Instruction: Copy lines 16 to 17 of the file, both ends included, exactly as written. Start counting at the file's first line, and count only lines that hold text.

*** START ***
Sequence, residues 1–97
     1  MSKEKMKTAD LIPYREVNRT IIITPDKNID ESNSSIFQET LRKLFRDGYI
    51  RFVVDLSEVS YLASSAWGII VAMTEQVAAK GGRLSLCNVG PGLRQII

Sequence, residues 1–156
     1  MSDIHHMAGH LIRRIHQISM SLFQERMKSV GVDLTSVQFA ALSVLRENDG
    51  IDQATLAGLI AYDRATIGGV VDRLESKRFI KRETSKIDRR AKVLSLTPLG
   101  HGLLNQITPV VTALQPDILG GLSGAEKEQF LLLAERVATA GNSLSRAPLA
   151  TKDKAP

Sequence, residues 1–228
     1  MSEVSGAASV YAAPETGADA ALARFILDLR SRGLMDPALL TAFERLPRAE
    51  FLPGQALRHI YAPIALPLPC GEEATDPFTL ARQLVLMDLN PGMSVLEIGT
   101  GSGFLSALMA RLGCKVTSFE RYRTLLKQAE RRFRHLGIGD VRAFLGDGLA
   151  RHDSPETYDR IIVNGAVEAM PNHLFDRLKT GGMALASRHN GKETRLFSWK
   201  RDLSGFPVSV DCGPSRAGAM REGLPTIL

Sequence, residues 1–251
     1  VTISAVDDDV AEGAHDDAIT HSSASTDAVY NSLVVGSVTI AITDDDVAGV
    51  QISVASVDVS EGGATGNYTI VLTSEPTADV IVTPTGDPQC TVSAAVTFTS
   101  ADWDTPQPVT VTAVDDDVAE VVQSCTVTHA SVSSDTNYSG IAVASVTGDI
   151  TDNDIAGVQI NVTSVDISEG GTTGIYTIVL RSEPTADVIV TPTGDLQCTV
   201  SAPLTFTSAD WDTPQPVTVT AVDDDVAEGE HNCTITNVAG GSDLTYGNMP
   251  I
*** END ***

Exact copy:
     1  VTISAVDDDV AEGAHDDAIT HSSASTDAVY NSLVVGSVTI AITDDDVAGV
    51  QISVASVDVS EGGATGNYTI VLTSEPTADV IVTPTGDPQC TVSAAVTFTS